Though the story is certain to spark a lengthy conversation among neighbors, I’m more interested in the questions that Ben Harris posed in his Greater Greater Washington piece on the topic. Ben is a former Logan Circle resident and previously ran the blog 14th&U with his wife. His writing has focused more on the impact that the economic growth has had on the neighborhood and its residents:
14th Street is a very popular destination, but as a neighborhood Logan Circle today can feel a bit hollow. Undoubtedly, there are many fun places to go, good drinks to be drunk, and great food to be eaten. It's lively, it's safer, and it's generating a lot of money for the city. "Huzzah!" to all of that.
But before we stamp it with a "wonderful" and seek to determine how we can emulate it in other DC neighborhoods, consider everything that it may not be: Affordable. Approachable. Sustainable. Economically diverse. And then ask yourself what the District would look like if every neighborhood developed along a similar path.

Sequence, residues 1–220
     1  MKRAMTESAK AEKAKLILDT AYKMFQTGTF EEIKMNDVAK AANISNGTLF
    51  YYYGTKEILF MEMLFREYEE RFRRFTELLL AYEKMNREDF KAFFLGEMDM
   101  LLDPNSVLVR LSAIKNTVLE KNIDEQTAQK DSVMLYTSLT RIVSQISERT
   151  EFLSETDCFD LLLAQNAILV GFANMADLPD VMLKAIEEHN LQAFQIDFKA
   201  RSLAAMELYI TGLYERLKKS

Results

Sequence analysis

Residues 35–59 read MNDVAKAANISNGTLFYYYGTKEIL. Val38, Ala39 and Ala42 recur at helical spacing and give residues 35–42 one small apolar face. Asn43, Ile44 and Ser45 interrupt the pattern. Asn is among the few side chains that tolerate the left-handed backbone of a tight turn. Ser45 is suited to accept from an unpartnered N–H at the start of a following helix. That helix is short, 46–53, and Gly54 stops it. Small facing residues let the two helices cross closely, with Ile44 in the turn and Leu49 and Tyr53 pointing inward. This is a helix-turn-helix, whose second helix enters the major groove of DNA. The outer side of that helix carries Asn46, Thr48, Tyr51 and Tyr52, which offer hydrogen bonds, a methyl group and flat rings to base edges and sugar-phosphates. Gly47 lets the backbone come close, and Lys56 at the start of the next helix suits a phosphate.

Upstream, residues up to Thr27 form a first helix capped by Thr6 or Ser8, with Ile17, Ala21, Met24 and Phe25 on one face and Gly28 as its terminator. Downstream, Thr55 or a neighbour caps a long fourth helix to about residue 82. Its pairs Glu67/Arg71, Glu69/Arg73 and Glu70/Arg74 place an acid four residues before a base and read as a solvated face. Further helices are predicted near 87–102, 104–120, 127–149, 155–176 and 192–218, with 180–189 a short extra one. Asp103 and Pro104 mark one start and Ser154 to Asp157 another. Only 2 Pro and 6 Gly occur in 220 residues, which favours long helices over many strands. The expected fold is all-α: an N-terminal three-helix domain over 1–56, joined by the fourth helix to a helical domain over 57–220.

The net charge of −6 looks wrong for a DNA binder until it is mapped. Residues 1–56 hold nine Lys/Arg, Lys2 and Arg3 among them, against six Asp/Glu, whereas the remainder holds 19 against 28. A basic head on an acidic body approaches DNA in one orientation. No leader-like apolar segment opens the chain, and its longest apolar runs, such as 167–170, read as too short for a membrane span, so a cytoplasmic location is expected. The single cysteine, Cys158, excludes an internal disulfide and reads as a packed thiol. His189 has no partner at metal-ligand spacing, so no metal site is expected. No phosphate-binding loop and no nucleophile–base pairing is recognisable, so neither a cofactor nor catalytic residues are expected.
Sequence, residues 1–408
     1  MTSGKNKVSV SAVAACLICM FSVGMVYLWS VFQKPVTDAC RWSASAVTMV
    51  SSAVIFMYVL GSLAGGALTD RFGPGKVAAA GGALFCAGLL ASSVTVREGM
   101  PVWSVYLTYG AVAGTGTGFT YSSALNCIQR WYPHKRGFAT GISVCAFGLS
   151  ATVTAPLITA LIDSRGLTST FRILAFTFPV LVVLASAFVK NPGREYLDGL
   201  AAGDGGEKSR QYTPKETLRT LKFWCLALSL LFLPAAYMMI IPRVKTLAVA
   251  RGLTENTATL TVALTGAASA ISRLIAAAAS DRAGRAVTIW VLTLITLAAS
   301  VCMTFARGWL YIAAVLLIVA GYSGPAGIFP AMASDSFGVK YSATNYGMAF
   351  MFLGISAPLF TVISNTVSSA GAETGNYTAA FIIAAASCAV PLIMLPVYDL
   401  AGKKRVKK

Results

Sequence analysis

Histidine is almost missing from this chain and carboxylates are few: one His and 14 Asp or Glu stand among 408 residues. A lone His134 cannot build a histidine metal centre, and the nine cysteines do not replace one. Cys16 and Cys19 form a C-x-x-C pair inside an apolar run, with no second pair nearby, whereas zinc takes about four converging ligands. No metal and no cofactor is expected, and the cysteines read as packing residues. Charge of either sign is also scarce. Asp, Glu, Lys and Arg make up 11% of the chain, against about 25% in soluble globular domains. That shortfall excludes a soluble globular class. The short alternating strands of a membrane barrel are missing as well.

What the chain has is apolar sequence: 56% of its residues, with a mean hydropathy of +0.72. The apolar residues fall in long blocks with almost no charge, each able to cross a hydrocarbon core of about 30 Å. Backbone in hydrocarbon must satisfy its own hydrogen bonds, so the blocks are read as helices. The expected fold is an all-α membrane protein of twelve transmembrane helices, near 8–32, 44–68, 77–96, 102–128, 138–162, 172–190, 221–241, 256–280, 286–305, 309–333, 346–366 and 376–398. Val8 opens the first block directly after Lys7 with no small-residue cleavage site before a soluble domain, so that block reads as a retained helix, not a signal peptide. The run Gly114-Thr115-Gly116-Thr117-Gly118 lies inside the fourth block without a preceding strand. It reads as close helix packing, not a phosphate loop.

There is no denying that these questions are in many ways tied to our recent discussion on a liquor license moratorium; but there seems to remain a broader anxiety about the future of the neighborhood as Ben points out so well.
I moved to the area because of the great neighborhood options including entertainment, dining and shopping, but also for its grocery stores and parks and coffee shops. I continue to think about where the balance is between “destination” and “neighborhood” and how the two can co-exist.
There are clearly no easy answers, but there are 155 comments on GGW now and counting, so I know folks have a lot to say - what do you think?